As I’ve been talking to fellow L&D professionals about their thoughts around social and informal learning – specifically about how they plan on formally integrating these approaches into their learning strategies – it’s been clear to me that there is much excitement about the potential of these methodologies to significantly increase L&D’s capability to support the business.
One of the barriers – if that’s the appropriate word – is the fact that learners don’t necessarily recognise these approaches as “training” and so neglect to make the most of them. The feeling is that by educating people as to the validity of social and informal learning, there is much scope to use these methods to better leverage workplace learning.
If we are looking to give our learners some pointers to get them started, then perhaps we can look at the “five moments of learning need” framework as our model. Continue reading “Using social and informal learning to meet the five moments of learning need”
Executive book summaries have been around for some time now and – thinking about it – were probably one of the first learning resources in the genre that we now call micro-learning. As a personal user of these, I’m hooked on them and would like to see them used more often to support learning and development.
With the now conscious move by many organisations to adopt learning approaches that blend formal learning with social and informal learning activities, now is the time to look again at where these fit in. Like the use of most generic learning resources, you do need to invest time and energy to see a return on your investment.
Here are my suggestions. Continue reading “Using Executive Book Summaries”
We’re all getting used to the much-cited 70:20:10 model and once we’ve firmly acknowledged that we shouldn’t spend any time worrying about the precise ratios, we then need to dig deeper into the detail if we are to recognise where our organisations currently stand and how they need to evolve, if we are aspiring to offer a more balanced approach to learning and development.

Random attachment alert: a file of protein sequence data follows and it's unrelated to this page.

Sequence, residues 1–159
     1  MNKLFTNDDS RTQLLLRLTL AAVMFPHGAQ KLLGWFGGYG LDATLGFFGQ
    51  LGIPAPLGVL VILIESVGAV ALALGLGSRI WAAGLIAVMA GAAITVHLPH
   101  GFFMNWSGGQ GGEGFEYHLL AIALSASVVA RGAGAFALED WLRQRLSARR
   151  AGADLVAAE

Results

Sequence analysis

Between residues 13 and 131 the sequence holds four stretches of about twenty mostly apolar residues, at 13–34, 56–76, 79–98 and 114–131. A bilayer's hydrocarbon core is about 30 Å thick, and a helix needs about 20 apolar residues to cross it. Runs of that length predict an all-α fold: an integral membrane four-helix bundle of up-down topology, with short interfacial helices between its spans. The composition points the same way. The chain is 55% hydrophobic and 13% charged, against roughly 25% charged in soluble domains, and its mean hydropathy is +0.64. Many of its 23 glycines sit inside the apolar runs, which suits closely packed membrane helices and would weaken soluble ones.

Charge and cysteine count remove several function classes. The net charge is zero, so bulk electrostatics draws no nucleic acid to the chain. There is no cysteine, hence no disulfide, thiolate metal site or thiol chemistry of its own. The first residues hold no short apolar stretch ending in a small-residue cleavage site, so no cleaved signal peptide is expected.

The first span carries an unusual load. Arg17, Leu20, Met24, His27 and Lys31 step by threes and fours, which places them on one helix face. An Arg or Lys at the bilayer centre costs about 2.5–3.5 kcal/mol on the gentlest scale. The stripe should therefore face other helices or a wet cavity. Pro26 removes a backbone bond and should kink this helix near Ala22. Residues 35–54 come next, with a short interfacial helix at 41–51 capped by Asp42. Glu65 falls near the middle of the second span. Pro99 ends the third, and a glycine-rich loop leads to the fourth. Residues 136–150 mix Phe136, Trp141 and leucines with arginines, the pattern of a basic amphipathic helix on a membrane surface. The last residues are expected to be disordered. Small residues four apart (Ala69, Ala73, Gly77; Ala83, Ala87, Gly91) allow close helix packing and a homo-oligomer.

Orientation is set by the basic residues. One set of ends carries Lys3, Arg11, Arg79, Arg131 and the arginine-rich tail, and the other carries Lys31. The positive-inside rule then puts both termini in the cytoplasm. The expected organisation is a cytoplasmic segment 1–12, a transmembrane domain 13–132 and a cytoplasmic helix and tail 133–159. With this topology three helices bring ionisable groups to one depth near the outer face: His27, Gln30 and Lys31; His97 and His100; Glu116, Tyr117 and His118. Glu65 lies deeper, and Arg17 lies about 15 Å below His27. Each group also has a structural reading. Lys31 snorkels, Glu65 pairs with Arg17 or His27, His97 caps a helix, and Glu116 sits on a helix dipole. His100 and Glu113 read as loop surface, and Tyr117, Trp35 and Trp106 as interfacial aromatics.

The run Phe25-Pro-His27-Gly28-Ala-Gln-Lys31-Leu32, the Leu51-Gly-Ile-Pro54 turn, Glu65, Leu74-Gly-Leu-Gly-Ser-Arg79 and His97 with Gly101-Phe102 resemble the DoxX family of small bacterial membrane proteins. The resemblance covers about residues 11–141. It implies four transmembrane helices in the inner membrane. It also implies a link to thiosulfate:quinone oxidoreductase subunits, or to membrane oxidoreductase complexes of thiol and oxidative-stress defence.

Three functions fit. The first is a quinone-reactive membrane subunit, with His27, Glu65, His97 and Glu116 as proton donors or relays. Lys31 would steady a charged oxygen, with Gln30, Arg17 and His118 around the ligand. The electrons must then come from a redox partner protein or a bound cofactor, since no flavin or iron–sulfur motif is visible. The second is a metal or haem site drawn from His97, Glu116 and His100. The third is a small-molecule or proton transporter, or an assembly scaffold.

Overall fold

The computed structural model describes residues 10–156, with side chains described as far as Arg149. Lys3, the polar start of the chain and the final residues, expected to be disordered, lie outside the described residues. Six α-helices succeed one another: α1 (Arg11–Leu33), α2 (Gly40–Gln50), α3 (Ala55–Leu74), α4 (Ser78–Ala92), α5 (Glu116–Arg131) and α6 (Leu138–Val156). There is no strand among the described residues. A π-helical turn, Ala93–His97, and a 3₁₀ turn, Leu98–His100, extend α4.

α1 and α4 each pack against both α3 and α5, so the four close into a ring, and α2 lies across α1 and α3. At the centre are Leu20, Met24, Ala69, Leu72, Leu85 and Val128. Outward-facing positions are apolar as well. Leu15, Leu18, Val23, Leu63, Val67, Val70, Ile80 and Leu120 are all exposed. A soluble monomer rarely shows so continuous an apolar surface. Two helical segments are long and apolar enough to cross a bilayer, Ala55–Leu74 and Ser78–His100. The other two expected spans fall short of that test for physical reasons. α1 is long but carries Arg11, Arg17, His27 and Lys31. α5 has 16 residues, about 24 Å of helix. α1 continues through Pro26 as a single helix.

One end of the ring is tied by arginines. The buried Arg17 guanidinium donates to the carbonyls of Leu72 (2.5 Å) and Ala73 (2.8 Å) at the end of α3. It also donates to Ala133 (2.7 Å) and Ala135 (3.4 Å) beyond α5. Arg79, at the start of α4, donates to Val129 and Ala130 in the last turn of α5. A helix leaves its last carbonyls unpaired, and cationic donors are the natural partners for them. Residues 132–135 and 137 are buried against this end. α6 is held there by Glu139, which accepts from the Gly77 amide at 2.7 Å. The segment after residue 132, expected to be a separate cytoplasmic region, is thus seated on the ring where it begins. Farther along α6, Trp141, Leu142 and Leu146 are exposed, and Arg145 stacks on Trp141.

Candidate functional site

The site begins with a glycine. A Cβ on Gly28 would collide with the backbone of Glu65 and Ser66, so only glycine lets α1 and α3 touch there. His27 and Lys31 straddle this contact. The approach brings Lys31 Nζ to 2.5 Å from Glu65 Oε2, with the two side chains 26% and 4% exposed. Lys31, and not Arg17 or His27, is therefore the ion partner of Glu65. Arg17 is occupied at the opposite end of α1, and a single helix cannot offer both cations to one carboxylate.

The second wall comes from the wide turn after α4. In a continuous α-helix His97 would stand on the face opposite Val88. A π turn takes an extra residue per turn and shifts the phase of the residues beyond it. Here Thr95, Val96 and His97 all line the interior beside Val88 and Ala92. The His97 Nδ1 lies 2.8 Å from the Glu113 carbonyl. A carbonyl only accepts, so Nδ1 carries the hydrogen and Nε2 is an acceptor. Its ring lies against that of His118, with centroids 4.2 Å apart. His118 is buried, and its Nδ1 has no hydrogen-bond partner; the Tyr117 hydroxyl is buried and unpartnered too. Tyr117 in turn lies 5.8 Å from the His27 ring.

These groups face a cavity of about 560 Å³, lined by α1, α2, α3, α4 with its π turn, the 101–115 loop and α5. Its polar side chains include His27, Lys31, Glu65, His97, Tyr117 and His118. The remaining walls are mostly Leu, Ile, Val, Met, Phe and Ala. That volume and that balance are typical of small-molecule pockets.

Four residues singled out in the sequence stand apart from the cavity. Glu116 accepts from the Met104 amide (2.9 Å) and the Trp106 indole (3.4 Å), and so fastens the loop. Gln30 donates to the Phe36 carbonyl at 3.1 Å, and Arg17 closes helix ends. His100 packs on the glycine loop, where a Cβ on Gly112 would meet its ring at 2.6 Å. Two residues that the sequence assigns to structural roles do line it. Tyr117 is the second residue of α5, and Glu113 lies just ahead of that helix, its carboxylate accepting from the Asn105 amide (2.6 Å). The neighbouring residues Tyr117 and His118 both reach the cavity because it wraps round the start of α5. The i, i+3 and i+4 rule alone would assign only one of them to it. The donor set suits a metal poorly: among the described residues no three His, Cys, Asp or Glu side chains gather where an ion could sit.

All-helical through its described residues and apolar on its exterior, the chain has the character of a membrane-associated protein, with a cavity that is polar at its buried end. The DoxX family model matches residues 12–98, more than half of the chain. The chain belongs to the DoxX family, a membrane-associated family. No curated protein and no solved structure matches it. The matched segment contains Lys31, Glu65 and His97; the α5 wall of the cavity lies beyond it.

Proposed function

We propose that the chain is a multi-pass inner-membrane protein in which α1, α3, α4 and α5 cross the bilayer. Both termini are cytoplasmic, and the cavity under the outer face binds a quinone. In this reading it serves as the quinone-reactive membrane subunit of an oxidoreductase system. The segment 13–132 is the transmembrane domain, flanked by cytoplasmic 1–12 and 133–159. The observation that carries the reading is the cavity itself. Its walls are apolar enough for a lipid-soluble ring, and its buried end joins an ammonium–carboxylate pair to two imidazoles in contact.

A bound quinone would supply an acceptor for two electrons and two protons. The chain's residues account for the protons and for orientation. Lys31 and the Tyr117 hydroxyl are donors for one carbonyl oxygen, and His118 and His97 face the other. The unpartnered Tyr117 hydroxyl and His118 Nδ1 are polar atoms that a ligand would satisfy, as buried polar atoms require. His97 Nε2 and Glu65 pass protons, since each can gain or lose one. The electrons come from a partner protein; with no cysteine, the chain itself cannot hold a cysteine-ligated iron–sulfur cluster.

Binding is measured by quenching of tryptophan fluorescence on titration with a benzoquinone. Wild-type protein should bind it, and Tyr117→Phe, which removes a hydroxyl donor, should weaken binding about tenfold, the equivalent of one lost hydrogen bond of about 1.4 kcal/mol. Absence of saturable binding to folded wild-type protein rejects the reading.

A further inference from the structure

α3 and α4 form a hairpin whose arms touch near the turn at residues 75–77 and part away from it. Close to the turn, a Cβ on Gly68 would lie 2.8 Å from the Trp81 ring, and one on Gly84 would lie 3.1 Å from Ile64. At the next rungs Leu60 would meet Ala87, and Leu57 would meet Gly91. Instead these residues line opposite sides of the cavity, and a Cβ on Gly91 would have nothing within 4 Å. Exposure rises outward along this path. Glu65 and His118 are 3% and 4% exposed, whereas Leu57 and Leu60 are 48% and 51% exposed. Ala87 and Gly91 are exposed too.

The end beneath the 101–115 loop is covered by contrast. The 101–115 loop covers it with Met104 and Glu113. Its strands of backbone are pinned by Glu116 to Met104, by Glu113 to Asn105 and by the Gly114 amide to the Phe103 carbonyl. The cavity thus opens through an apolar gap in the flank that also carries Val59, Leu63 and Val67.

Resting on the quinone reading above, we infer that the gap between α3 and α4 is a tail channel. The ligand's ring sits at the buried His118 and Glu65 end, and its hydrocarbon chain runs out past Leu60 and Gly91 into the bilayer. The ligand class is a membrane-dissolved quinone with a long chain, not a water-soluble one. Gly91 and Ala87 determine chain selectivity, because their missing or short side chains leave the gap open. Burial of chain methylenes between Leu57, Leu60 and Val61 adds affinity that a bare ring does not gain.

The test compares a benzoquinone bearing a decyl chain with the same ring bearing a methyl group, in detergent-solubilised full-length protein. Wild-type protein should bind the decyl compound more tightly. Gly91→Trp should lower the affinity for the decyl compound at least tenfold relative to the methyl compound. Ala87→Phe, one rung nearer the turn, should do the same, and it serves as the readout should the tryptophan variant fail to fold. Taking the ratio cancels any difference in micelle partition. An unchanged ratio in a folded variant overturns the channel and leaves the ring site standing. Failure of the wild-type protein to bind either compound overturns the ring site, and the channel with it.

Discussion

Recently I encountered another take on 70:20:10 which has helped me to better analyse this whole topic area. Continue reading “Exploring the Social in 70:20:10”
In my previous post I looked at how the typical learner learning journey would provide a good steer for facilitating informal and social learning activities as a way to meet many training needs, alongside formal learning, all part of the now popular 70:20:10 model for learning.
There is another way that social and informal learning can support formal learning and that’s to ensure that we deliver the best possible learning experience throughout someone’s career. Continue reading “From Novice to Expert”
I’ve written before about how we need to consider how our learners prefer to learn when designing our learning solutions. In that piece I concentrated on the amount of effort each learner chooses to put in.
Whilst walking around last week’s Learning Technologies Exhibition in London, the constant referencing to 70:20:10 got me thinking about how we can make sense of that in our organisations and incorporate it into our learning strategies. After all, informal and social learning is nothing new – and some may argue as it’s been doing all right on its own up to now, why should we even attempt to manage it (or worst case formalise it) – but it got me thinking about how informal, social and formal learning are core components of a learner’s journey.
Continue reading “Ask. Search. Learn.”